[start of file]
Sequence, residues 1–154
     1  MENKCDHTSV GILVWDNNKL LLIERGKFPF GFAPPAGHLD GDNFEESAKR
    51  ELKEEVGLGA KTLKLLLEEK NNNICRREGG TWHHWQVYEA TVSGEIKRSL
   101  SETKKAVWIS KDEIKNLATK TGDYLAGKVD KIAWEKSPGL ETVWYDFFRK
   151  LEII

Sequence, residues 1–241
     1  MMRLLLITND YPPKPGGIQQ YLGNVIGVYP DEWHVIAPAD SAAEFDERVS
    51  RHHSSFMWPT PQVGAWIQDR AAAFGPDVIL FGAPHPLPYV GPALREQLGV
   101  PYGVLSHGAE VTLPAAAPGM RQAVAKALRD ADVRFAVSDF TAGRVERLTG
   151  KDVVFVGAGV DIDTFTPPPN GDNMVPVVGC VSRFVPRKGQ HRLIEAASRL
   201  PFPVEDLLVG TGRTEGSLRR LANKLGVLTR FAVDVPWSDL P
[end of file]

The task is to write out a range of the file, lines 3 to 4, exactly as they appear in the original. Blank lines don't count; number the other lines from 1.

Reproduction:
    51  ELKEEVGLGA KTLKLLLEEK NNNICRREGG TWHHWQVYEA TVSGEIKRSL
   101  SETKKAVWIS KDEIKNLATK TGDYLAGKVD KIAWEKSPGL ETVWYDFFRK